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Bill, are you happy with how the different writing approach worked out this time?
Kelliher: It was real spontaneous— some of the stuff was even written while in the studio rehearsing and recording other songs. But honestly, I was really nervous about going at this album with the attitude of “Let’s just go record—even though we don’t know each other’s parts.” But our producer, Mike Elizondo, reassured us that a lot of bands do it that way—he mentioned that James [Hetfield, vocalist/rhythm guitar] in Metallica records all his parts, and then Kirk [Hammett, lead guitar] comes in and records the solos. Don’t get me wrong, though—the stuff we’ve done in the past, with those contrasting guitar tones and mannerisms, do give a song a bigger feel. Brent and I, James and Kirk of Metallica, or any two guitarists are never going to play the same song or the same riff the same. So I feel The Hunter is a tighter album because we did it this way.
The whole album seems to groove a little more than past albums, especially on songs like “Black Tongue,” “Curl of the Burl,” and “Blasteroid.” What do you attribute that to?
Kelliher: I think it was the atmosphere and mentality of not feeling pressure to perfect every nook and cranny of every song. We just went at it with a fun, low-key attitude that allowed us to really go places we’ve haven’t explored yet with Mastodon. With “Curl of the Burl,” that was a chorus and drum riff that Brann had for a long time, and Brent came in and added the intro riff. Whether a song is a skull-crusher or a ballad, you need to have a catchy groove— that’s something we strive for on every song. If you can’t write a great song, at least write a great groove [laughs].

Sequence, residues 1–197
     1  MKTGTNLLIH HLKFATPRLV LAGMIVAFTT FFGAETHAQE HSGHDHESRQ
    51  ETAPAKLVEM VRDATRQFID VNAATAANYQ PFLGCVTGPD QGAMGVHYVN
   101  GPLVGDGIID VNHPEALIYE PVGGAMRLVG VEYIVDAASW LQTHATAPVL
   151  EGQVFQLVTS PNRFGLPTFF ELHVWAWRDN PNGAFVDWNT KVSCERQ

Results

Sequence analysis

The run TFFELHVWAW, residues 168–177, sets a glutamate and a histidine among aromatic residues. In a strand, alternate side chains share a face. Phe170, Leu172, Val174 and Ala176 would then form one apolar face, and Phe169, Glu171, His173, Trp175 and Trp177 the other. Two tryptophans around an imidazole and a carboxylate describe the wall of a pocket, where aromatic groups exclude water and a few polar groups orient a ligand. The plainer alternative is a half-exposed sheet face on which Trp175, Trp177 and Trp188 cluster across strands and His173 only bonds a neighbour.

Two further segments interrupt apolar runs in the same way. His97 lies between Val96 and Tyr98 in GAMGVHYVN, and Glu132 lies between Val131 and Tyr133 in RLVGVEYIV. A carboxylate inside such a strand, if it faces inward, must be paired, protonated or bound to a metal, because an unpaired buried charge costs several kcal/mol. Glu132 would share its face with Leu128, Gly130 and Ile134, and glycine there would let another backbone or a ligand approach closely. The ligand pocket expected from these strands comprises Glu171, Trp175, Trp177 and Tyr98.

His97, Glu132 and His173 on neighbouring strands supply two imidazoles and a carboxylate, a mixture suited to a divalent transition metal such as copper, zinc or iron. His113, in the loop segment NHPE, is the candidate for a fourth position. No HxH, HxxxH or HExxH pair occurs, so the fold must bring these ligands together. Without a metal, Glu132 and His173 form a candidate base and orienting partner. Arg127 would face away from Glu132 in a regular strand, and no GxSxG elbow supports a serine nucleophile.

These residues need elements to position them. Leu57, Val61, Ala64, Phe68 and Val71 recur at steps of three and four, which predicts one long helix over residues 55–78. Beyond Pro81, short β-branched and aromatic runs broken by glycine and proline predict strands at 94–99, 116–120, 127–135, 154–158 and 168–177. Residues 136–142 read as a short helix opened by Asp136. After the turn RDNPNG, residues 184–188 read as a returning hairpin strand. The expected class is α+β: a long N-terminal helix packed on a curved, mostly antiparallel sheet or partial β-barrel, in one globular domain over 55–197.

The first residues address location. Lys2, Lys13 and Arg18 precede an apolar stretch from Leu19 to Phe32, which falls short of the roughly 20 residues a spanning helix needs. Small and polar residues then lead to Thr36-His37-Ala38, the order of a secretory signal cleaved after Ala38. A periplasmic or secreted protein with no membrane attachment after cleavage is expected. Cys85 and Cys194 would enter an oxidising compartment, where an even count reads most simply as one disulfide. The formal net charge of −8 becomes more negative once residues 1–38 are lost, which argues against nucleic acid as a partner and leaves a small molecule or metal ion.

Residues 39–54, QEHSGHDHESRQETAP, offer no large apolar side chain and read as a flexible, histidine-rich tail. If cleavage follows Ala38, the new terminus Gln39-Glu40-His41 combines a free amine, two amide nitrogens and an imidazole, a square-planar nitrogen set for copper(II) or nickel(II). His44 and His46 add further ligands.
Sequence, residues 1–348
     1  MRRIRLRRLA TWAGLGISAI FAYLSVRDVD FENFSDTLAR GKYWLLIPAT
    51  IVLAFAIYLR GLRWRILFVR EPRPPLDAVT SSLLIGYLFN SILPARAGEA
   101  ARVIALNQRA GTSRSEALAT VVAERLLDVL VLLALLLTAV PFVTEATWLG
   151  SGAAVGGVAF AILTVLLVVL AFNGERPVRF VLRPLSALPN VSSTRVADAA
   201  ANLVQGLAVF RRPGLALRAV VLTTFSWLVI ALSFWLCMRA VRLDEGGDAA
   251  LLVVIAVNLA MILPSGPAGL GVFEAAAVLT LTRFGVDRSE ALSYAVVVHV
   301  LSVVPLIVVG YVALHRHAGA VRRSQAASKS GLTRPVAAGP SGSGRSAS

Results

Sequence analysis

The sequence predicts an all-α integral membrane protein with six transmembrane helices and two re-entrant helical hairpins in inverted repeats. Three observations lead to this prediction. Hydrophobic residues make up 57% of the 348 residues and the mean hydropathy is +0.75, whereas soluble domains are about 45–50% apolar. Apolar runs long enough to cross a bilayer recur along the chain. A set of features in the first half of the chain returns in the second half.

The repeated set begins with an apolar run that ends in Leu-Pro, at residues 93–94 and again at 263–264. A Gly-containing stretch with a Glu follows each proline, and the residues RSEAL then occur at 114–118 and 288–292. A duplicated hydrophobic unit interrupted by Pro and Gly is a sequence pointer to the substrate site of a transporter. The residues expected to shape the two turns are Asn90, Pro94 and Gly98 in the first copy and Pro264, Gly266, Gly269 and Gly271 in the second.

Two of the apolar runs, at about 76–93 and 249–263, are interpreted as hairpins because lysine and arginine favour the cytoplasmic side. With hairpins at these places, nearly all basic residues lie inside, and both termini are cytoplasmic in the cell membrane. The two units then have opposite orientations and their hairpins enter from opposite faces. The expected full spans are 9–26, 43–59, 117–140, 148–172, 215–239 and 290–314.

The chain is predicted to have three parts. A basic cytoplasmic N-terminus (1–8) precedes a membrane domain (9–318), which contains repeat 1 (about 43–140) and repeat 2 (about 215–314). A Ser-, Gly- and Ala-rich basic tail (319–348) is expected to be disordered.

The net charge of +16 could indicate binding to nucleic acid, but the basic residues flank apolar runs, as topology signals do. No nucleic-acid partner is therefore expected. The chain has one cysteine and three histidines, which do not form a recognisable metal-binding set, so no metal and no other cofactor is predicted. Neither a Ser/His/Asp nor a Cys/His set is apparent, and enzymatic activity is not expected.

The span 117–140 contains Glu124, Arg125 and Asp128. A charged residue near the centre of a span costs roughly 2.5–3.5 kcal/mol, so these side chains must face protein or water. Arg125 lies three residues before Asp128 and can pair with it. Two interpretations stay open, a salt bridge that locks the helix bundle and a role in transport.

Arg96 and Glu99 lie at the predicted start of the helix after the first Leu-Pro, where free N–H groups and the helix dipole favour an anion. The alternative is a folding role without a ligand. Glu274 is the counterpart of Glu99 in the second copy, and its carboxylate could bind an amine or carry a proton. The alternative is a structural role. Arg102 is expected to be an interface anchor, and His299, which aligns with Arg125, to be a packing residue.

Kelliher plays his 1974 Les Paul Custom and Hinds plays his Electrical Guitar Company signature model while tracking The Hunter at Doppler Studios in Atlanta, Georgia. Photo by Andrew Stuart
What was it like working with Mike Elizondo?
Hinds: Amazing. Mike is a great man—I’d vote for Mr. Elizondo for president. I really liked working with Matt Bayles on our first three records, even though it was a battle at times, because we weren’t really known or trusted as musicians yet, so we’d have creative conflicts like you would in any recording environment. Brendan [O’Brien] was the guy for Crack the Skye, but I’m glad we went with Mike, because he let us do our thing while maintaining some control and having lucid and constructive input for our song structures and guitar parts.
Kelliher: Brendan was the right choice for Crack the Skye, because we wanted that ’80s classic-rock sound, and Brendan has worked with so many acts of that genre— like AC/DC and Springsteen—so it was just the perfect fit. That album was so dialed-in and meticulous that it was helpful to have a guy pushing for perfection. But we did so many sessions and takes that it was grueling. Mike was full of energy and so excited to be with us that it just immediately clicked. Usually, when I record my parts in the studio, no one is very vocal or directing me if something sounds bad—or suggesting I try it in a different key or with a different guitar. But Mike was really vocal on what was working and wasn’t for my guitar parts.
What sorts of things would he say?
Kelliher: Sometimes I’d be going overboard with my solos or adding too many tracks. I kept layering “guitarmonies” [harmonies] and ambient noises, and it would be too much at points and he’d let me know that what I originally recorded was good enough. It was a good, creative back and forth.
Which song would you say he was particularly helpful on?
Kelliher: “Black Tongue.” The verse riff was an old riff I’d been hammering on for years, and the beginning riff for the chorus was something Brann came up with when we were messing around in rehearsals. The part that ties it altogether is the middle section with its groove—I came up with that while jamming alone one night. And then we recorded all the parts and glued them together with Mike’s help. I really like the guitarmonies I came up with by accident one night in the studio. I actually did half of the solo—the first 20 seconds—on my laptop in a hotel room in France while we were on tour. That shows you how this record was done in comparison to Crack the Skye, and how far technology has progressed. I completed that solo’s harmony part at 4 p.m., emailed it to Mike, and then he mixed it and sent us the finished song the next day. It’s amazing that you can write and record ideas thousands of miles away for your album [laughs].